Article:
Sunday, February 24, 2013

The Cyberdragon

Unit 61398 and Chinese Cyber Belligerence 

In certain ways, this whole cyber craze isn't exactly new--though it may certainly seem that way to the average individual watching the news over the past year or so. For years, security experts (both public and private) and western intelligence agencies have indicated that Chinese hackers have been trying to steal Western corporate secrets.  Recently, evidence of Chinese hacking has outraged American politicians and has lead to backlash against Chinese firms. 

Outside the building alleged to be the home of Chinese military Unit 61398 by 
American cyber security firm Mandiant.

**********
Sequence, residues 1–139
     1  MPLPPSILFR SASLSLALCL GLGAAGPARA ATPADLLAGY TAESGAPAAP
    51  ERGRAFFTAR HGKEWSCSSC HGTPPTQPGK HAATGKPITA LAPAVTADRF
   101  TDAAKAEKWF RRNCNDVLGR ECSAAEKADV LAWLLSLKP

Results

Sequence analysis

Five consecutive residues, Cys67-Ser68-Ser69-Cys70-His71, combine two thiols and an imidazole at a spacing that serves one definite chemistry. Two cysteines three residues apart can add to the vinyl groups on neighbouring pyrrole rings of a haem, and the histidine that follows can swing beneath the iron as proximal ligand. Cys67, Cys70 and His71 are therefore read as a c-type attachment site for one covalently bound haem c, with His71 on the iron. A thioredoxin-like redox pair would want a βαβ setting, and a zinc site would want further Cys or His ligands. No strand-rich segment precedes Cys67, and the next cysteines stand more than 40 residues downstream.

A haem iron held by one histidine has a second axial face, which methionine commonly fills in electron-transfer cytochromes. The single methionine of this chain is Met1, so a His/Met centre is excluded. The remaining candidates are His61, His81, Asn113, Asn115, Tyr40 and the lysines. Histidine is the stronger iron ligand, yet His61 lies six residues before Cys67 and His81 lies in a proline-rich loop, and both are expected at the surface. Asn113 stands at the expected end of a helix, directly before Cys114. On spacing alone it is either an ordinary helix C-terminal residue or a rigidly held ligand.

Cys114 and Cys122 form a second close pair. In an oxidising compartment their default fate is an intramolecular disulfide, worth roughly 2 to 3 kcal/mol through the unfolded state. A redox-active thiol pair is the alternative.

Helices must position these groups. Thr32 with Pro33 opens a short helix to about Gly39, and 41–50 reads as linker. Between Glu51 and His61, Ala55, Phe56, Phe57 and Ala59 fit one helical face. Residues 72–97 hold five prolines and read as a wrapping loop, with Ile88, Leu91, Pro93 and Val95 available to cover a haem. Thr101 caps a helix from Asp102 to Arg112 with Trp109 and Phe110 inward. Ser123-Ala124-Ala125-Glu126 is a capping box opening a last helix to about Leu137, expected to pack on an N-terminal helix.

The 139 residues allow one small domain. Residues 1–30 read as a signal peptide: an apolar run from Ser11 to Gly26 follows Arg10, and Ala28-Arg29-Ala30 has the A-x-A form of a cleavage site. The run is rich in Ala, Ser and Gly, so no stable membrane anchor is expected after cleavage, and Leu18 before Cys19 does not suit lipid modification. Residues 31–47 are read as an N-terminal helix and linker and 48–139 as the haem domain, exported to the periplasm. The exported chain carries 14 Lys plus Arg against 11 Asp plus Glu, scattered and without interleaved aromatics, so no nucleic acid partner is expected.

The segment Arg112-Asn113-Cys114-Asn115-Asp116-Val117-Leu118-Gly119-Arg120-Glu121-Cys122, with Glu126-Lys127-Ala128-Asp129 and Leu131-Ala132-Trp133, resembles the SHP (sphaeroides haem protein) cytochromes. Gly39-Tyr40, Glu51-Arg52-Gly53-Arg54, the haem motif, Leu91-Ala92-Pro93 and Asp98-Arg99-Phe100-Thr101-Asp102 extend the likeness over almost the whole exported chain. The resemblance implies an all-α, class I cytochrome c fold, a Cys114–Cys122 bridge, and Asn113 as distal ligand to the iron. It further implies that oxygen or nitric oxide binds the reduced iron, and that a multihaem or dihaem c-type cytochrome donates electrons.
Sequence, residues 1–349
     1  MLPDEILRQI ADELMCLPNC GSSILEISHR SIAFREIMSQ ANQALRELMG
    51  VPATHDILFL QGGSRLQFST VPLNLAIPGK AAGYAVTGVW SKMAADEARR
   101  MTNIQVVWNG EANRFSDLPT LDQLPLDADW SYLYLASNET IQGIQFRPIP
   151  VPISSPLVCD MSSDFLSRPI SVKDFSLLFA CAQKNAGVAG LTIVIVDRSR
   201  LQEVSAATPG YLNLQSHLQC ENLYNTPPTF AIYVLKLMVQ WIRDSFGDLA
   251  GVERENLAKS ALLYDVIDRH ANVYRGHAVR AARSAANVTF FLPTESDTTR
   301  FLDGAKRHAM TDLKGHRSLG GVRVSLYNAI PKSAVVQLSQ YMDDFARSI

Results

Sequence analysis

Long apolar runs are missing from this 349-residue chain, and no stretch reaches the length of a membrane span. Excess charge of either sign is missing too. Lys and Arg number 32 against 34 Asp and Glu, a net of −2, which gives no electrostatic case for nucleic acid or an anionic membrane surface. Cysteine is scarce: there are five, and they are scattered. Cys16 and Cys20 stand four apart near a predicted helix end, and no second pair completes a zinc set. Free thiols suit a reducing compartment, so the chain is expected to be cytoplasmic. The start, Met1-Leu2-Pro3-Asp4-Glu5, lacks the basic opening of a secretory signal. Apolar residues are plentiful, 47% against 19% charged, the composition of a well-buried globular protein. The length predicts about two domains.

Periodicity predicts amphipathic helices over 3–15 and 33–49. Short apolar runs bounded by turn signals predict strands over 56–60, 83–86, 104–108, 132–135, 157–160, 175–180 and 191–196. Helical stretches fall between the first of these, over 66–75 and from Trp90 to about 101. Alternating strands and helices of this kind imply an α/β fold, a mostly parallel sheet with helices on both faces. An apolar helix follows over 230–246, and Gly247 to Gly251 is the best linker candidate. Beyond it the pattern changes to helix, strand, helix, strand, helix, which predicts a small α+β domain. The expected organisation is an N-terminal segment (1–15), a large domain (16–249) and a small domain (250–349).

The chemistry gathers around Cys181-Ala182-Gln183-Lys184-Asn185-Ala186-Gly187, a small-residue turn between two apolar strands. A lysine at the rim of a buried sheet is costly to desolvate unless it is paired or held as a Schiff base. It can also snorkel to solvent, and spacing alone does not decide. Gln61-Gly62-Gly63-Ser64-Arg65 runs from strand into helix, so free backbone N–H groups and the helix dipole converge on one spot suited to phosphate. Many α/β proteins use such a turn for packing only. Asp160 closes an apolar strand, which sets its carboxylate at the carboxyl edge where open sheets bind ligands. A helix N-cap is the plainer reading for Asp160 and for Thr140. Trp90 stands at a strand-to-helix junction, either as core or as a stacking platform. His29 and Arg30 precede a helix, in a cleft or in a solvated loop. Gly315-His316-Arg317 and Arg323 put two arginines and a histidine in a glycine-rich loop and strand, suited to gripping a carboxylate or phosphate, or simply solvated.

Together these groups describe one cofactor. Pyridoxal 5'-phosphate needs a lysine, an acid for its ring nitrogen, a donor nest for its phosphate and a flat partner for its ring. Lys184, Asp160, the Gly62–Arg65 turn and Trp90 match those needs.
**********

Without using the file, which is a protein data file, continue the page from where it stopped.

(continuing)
The Chinese government has always vehemently denied these accusations. In January of 2013 the Chinese Defense Ministry asserted that "it is unprofessional and groundless to accuse the Chinese military of launching cyber attacks without any conclusive evidence."  That all changed on Feb 19th when Mandiant, an American cyber-security firm, released a report detailing the activities of a particular group of hackers. That group of hackers was a Chinese military outfit known as Unit 61398 and they, according to the Mandiant report, were probably behind attacks launched against more than one hundred companies and government agencies the world over.The Mandiant report itself is the result of nearly six years of investigation and tracks individual members of one Chinese hacker group (with charming aliases like "Ugly Gorilla" and "SuperHard") to what the Economist describes as a "nondescript district in residential Shanghai that is home to Unit 61398) f the People's Liberation Army."